Dogs vomit for many reasons, and while some causes aren’t worrisome, others have fatal consequences. Our team at Country Valley Veterinary Clinic is here to help you distinguish between these causes, so you know when your dog needs veterinary care.
Dog vomiting basics
Vomiting involves forcefully ejecting stomach contents from the mouth. Regurgitation, which can appear similar to vomiting, also commonly affects dogs. However, regurgitation involves passively expelling esophageal contents. Distinguishing between these actions is helpful when determining the cause of the problem. Vomiting in dogs is typically accompanied by drooling, abdominal contractions, and retching, while regurgitation usually happens suddenly, and the contents appear to be undigested food.
Diet-related causes of dog vomiting
A dog’s diet can contribute to gastrointestinal upset. These causes include:
- Gastroenteritis — A sudden change in your dog’s diet can cause stomach and intestine inflammation. Most cases resolve without treatment, but fasting may help the stomach rest and calm down more quickly.
- Bilious vomiting syndrome (BVS) — Dogs can become sensitive to the bile in their empty stomach, and will typically intermittently vomit green and yellow contents. Feeding your dog small meals more frequently, especially late at night, can help remedy the problem.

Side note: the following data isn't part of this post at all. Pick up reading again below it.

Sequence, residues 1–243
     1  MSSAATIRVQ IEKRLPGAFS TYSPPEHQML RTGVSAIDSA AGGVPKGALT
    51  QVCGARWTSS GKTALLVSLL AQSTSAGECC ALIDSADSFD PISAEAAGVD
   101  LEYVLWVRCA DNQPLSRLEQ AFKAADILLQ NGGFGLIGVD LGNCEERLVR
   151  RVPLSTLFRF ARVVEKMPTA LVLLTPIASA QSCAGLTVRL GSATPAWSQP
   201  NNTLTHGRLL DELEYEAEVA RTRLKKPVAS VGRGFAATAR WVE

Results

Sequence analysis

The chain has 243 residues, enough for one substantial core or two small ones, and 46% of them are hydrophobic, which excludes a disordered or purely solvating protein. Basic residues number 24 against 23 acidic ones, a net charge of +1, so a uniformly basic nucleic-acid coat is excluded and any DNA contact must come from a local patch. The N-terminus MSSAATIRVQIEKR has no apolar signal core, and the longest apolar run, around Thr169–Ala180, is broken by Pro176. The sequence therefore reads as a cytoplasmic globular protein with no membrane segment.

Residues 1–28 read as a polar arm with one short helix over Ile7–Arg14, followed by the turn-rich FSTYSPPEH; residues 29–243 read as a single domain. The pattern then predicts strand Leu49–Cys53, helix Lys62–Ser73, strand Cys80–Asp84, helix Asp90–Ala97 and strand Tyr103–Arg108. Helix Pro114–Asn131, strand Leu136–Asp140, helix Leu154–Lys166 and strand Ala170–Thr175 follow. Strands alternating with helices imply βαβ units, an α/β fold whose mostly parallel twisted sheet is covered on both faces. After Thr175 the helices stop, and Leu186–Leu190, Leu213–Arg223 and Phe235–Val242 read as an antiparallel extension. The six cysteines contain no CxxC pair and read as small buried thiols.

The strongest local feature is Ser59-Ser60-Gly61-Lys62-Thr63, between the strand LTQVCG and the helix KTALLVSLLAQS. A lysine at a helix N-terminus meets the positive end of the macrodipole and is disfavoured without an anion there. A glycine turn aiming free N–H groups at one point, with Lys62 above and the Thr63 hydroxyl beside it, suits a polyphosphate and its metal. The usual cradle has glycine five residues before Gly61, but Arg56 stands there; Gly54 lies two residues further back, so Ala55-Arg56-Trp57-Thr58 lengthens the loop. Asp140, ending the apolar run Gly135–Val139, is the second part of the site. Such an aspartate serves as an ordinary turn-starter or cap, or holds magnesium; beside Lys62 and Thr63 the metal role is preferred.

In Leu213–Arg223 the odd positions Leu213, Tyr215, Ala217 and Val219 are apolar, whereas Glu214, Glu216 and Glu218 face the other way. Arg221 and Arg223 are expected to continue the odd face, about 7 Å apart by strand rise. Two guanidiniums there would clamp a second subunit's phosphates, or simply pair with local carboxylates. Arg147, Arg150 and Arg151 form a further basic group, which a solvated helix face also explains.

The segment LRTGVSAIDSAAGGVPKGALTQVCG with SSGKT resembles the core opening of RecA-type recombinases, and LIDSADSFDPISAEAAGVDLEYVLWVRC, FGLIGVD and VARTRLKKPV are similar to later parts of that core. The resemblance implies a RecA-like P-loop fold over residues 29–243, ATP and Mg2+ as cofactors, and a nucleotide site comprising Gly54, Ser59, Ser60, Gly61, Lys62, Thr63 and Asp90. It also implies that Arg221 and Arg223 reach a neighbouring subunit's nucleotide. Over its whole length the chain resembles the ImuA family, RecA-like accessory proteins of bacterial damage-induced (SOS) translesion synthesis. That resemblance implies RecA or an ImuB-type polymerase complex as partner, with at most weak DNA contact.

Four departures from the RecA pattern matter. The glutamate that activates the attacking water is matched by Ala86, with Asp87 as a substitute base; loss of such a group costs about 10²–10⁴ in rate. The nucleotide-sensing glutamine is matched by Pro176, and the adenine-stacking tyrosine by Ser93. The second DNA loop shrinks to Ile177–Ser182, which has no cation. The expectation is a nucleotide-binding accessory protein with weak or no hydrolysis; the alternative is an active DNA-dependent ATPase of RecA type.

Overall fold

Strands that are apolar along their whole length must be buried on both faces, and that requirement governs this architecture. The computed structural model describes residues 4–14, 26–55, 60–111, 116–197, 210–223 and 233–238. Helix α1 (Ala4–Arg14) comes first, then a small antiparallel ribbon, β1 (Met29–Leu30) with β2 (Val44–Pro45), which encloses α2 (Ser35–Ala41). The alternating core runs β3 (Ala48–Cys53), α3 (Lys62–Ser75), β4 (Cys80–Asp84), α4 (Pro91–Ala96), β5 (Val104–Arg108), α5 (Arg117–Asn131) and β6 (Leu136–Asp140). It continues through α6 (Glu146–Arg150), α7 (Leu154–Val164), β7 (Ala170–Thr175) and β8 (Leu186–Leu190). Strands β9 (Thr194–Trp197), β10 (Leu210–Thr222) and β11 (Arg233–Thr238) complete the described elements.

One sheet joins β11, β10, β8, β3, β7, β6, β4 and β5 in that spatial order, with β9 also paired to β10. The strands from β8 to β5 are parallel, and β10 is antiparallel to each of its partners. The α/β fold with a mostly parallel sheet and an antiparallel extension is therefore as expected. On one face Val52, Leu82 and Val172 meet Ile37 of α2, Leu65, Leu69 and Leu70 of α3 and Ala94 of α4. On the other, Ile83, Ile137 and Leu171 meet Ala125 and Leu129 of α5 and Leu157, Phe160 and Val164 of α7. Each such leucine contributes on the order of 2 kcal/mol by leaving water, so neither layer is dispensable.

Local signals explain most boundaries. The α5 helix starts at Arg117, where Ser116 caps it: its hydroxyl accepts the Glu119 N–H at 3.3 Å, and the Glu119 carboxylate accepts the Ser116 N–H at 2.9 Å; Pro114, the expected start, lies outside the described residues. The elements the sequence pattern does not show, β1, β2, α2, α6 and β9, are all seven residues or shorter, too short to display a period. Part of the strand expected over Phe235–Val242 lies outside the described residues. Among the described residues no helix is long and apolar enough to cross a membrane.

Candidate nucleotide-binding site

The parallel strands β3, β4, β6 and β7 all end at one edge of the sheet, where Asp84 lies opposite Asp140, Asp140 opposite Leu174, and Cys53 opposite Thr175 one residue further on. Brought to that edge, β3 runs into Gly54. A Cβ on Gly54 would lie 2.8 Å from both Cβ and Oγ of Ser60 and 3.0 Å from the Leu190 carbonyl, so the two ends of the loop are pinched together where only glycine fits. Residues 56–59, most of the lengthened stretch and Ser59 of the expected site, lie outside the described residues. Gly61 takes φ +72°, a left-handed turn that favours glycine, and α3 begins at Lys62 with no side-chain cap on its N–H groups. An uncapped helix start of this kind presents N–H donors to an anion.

- Pancreatitis — Inflammation in the pancreas can be caused by ingesting high fat foods, including table scraps. In addition to vomiting, signs include diarrhea, fever, abdominal distention, and a hunched back. Pancreatitis is potentially life-threatening, and should be addressed by a veterinary professional.
- Food allergies — Dogs typically exhibit skin issues and gastrointestinal upset when they are affected by food allergies. A food trial is needed to determine the cause of the problem.
Environmental causes of dog vomiting
Environmental factors that your dog encounters can cause vomiting. These include:
- Foreign objects — Dogs investigate their environment with their mouths, and a foreign object that they swallow can cause a gastrointestinal blockage. If this occurs, food cannot move past the obstruction, and vomiting will result. Gastrointestinal blockages frequently require surgical intervention.
- Toxins — Several common household items, including cleaners, anti-freeze, and rodenticides, are toxic to dogs, and cause vomiting. In addition, many human foods, including chocolate, onions, and grapes, are dangerous for your dog. If you know or suspect your dog has ingested a toxic substance, immediately contact Country Valley Veterinary Clinic or Animal Poison Control.
- Parasites — A heavy parasite infestation can cause vomiting. The best way to address parasite infections is prevention. Bring your dog in for yearly fecal examinations, and provide regular year-round parasite prevention, to ensure your dog is not affected.
Health causes of dog vomiting
Factors affecting your dog’s health can lead to vomiting. These include: